Luckily, the one-page plan has you address these points across a few sections (your team, milestones, and competition). Like everything else, it’s not meant to be overly detailed or perfect. You’re just trying to get down enough information to answer the larger question.


Let’s say you’re a software engineer who has noticed a growing trend toward digital health solutions and a lack of user-friendly pain management tools. 

This could be your chance to fill a gap in the market.

To demonstrate that it’s a good opportunity, you may highlight your:

  • Technical expertise and understanding of user experience design. 
  • Knowledge of the growing demand for accessible medical solutions. 
  • Existing connections with healthcare providers and plans to partner with them to improve reach and trust.

These three points help answer why you’re the right person, what the opportunity is, and what milestones you need to hit.

4. How will your business make money?

This is the big one that stories of notoriously unprofitable startups may make you believe is unnecessary. 

It’s not just about covering expenses. It’s about earning enough revenue so you can grow sustainably. 

If that sounds stressful, don’t worry. The beauty of a one-page plan is you don’t actually have to dig into the numbers just yet.

You’re just listing potential revenue streams and expenses, trying to get an idea of how you would actually monetize the idea and what costs may be involved.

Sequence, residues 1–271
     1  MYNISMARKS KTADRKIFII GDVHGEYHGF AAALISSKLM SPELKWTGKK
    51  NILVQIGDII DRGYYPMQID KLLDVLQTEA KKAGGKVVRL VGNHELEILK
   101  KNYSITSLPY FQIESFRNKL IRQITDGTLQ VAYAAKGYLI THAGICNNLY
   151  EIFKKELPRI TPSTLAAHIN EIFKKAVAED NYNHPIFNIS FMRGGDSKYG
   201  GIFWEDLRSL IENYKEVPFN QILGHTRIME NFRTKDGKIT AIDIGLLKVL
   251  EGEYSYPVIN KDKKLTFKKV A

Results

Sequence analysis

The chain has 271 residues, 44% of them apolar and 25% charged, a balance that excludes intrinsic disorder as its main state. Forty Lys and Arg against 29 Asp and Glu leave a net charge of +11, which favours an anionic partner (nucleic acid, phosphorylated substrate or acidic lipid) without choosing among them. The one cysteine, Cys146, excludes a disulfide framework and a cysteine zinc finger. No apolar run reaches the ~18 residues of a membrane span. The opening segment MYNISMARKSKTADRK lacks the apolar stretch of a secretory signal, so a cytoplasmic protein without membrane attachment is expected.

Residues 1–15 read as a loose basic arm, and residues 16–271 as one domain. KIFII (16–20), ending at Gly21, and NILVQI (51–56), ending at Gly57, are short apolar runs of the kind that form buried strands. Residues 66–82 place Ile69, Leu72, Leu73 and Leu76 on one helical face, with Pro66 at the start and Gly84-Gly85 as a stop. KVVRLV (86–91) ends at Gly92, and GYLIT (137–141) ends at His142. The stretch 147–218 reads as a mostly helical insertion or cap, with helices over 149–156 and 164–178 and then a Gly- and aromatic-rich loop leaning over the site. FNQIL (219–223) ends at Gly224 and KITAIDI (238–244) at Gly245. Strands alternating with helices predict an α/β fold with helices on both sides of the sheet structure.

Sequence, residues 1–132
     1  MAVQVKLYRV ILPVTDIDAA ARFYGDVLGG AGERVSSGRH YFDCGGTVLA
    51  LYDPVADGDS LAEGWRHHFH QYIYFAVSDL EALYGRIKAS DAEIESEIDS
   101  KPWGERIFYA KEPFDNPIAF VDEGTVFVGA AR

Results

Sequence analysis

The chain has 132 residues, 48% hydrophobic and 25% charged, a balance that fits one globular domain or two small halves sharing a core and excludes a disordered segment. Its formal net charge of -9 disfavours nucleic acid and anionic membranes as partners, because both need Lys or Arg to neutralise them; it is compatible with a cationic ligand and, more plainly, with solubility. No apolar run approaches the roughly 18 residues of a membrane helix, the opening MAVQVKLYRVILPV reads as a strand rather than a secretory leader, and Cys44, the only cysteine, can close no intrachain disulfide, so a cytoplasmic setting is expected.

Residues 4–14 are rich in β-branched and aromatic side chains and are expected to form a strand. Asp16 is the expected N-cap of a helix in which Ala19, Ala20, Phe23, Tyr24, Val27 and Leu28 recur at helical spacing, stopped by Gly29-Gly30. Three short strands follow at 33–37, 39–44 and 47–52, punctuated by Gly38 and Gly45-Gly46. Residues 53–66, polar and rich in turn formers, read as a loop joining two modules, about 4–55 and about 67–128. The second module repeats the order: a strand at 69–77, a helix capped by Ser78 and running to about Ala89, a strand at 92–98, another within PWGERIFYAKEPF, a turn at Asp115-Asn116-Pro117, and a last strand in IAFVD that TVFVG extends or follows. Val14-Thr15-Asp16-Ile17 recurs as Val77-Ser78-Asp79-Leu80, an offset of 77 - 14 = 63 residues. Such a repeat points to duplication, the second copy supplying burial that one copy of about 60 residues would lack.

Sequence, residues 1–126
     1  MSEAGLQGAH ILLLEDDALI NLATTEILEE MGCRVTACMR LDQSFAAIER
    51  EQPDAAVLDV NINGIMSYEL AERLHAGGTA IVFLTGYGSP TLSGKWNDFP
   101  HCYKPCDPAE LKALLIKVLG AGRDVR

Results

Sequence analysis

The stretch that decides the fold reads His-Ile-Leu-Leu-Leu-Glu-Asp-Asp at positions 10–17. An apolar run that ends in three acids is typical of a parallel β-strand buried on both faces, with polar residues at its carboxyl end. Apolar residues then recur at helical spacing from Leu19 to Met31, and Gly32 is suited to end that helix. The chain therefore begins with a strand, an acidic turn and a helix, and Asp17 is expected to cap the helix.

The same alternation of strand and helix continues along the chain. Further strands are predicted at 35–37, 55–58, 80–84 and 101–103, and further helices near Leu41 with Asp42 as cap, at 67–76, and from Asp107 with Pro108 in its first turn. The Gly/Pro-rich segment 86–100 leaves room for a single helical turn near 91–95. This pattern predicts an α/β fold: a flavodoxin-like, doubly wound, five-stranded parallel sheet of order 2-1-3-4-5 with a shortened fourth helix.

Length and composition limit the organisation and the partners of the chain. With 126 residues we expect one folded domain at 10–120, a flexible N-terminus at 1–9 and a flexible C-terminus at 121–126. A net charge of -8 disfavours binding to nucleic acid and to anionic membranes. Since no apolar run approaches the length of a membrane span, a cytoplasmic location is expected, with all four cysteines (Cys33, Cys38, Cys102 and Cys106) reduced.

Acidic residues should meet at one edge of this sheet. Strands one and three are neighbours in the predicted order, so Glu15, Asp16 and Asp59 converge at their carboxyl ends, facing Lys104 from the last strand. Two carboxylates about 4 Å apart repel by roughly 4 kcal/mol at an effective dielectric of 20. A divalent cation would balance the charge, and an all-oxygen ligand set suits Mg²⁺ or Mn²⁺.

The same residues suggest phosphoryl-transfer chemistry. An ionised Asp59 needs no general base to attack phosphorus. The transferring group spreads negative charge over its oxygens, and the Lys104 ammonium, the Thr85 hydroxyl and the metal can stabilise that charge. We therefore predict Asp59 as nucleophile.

A dog walking business might generate revenue through:

  • Group walks: Offer discounted rates for walking multiple dogs at once.
  • Private walks: Cater to owners who want one-on-one attention for their furry friends.
  • Pet sitting: Expand services to include overnight stays and basic pet care.
  • Training sessions: Offer specialized training classes for dogs of all ages and breeds.
  • Add-on services: Provide extras like pet taxi services, grooming, or medication administration.

If you were to actually start this business, you may not initially offer all of these services. However, having multiple revenue options in mind allows you to test customer interest and plan for ways to grow. 

Tip: Use the AI-powered LivePlan Assistant to generate possible revenue streams and expenses for your business.

Writing a business plan helps you answer questions at every stage

It’s never too early to write a business plan.

Research shows that you are actually 152% more likely to turn an idea into a business if you create a plan. And planning early can stop you from wasting time and money on an idea that simply won’t work (at least in its current state).

That’s because your plan provides answers, or at least ways to find answers, about your business. And it’s not limited to just formalizing an idea.

Revisiting, revising, and expanding your plan can help you answer more difficult questions as you:

And don’t worry—I’ll address what specific questions your plan helps answer at those business stages in future articles.

Make planning easier with LivePlan

If you want to create a business plan that grows with you and helps answer these questions (and more), try LivePlan.

LivePlan combines your business plan with powerful budgeting and forecasting features to make every effort count. With a single tool, you can go from exploring a potential idea to creating detailed forecasts and pitching your business.

Try it out today risk-free.

It’s the perfect tool to start, plan, manage, and grow your business.

Like this post? Share with a friend!

Kody Wirth
Kody Wirth
Kody currently works as the Inbound and Content Marketing Specialist at Palo Alto Software and runs editorial for both LivePlan and Bplans, working with various freelance specialists and in-house writers. A graduate of the University of Oregon, he specializes in SEO research, content writing, and branding.
Posted in Business Plan Writing

Join over 1 million entrepreneurs who found success with LivePlan